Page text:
It’s massive bill, 930 lines long, covering many areas of private drone regulations.
Only those 17 and over in age can personally fly a drone. If you are under 17, you can fly one, but a person 17 or older must be standing next to you, someone who knows how to fly it, and be able to take over the controls if need be.
In several cases, you will have to have liability insurance to fly a drone.
You can’t fly a drone over an “emergency” situation, which could include anything from a car crash or police action to a flood or wildfire.
You can’t fly a drone in a way that would violate personal privacy, defined in another part of Utah Code, which means you can’t take pictures or other recordings from an area that wouldn’t normally be seen in a regular manner.
Most likely this means if you can see your neighbor sunbathing from your back porch, you could fly a drone. But if you couldn’t see her sunbathing from your porch, then you couldn’t fly a drone over her property to get a look at her.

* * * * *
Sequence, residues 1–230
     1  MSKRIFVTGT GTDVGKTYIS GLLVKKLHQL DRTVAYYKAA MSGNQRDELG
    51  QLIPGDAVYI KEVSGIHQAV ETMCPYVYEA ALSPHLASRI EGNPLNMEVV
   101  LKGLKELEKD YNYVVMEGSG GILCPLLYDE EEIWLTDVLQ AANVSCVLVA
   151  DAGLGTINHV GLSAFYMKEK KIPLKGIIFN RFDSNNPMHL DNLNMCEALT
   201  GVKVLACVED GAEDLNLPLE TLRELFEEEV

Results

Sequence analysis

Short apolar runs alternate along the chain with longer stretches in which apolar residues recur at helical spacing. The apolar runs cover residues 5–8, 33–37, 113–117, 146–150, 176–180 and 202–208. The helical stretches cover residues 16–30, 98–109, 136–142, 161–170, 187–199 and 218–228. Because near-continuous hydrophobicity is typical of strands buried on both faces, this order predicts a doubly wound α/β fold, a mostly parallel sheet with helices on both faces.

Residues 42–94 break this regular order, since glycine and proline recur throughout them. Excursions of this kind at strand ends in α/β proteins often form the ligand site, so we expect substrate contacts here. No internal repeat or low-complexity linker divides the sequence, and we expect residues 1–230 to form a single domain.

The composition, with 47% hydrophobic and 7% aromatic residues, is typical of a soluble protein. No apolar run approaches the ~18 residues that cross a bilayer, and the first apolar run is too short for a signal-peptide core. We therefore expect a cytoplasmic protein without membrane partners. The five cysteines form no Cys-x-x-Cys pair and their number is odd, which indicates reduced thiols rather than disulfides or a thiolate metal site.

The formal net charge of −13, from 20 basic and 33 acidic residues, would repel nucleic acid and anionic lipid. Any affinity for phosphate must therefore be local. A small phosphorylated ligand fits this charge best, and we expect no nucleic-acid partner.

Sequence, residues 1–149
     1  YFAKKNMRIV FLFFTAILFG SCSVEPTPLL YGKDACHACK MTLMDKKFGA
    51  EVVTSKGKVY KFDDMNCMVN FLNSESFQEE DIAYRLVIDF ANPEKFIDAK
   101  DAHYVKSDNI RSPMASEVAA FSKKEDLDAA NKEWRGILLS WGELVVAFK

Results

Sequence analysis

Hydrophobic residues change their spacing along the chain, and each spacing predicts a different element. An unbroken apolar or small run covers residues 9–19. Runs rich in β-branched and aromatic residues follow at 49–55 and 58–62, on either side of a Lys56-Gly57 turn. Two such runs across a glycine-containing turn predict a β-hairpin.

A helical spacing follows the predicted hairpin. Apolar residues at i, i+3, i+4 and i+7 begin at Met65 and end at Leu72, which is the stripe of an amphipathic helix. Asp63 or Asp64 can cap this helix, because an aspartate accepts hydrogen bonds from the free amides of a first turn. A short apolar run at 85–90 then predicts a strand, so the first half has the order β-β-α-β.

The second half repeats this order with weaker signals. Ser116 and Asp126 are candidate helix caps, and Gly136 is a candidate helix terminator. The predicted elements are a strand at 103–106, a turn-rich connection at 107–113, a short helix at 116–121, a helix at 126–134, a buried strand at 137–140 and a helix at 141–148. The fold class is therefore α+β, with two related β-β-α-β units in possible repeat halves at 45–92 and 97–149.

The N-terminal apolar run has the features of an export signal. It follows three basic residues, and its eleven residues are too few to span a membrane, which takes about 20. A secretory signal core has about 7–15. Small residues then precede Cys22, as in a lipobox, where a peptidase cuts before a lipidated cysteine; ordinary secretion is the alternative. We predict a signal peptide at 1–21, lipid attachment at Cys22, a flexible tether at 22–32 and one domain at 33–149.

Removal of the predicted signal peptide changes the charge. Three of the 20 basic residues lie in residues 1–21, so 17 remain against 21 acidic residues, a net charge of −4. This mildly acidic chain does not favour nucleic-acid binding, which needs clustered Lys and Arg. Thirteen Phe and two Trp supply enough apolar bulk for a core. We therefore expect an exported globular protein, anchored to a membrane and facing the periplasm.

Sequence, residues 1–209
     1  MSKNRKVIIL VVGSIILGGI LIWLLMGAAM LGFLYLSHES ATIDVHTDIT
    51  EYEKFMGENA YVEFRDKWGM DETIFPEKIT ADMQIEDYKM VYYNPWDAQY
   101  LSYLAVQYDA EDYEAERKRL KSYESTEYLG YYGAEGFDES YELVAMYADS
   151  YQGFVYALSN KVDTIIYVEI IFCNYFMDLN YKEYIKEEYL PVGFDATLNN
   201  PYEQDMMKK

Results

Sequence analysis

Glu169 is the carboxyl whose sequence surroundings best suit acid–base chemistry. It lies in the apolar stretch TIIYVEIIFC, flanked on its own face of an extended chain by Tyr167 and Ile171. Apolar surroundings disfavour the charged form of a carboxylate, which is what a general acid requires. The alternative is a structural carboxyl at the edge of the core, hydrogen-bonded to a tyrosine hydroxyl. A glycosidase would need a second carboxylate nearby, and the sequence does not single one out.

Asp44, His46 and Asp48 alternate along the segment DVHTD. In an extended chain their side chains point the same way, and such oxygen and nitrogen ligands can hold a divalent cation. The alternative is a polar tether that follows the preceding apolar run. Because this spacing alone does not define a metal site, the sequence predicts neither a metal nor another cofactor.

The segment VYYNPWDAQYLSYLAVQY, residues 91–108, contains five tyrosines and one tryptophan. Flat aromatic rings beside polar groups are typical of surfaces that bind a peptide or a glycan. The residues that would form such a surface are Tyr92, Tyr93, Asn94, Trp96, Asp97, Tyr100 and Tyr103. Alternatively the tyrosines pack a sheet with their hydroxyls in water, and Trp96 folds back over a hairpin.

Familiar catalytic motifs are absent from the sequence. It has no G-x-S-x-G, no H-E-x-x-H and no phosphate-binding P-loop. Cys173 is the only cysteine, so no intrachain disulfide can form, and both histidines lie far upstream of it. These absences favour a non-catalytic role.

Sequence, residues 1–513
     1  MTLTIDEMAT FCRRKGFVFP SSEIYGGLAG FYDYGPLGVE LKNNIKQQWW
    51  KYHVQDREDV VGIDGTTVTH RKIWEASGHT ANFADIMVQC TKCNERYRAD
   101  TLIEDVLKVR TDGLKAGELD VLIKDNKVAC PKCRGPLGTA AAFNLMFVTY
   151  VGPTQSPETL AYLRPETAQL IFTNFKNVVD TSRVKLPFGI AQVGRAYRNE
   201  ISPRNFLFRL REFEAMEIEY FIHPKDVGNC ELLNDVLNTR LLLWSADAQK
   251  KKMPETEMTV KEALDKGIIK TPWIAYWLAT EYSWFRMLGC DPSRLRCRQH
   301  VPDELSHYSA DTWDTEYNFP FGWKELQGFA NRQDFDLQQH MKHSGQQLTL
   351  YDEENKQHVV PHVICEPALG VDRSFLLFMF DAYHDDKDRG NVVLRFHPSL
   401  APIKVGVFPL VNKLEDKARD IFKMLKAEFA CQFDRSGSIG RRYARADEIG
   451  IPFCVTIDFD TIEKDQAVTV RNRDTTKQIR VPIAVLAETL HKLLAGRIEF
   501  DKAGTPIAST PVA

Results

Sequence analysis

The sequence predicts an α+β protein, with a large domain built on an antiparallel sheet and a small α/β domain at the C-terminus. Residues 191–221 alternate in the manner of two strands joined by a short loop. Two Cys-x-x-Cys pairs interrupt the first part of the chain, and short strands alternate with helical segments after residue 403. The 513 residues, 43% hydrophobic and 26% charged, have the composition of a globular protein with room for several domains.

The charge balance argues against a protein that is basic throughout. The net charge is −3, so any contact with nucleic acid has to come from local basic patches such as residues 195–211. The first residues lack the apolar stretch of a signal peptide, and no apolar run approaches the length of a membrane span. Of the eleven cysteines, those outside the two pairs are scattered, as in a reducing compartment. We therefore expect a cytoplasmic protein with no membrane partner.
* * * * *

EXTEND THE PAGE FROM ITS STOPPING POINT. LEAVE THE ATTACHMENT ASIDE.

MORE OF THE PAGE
You couldn’t fly a drone higher than 400 feet off the ground.
Or closer than 500 feet from a building taller than 150 feet.
Or within 1,000 feet of the State Capitol, where lawmakers meet, or 1,000 feet from the Governor’s Mansion.
Or five miles from an airport.
You can’t “weaponize” a drone, put guns or other dangerous stuff on it.
And you have to put clearly a label on your private drone that has your name, address, telephone number and FAA registration number on it.
A number of the “no fly” restrictions in the bill allow for special exemptions in certain situations.
There are several bills about drones this session.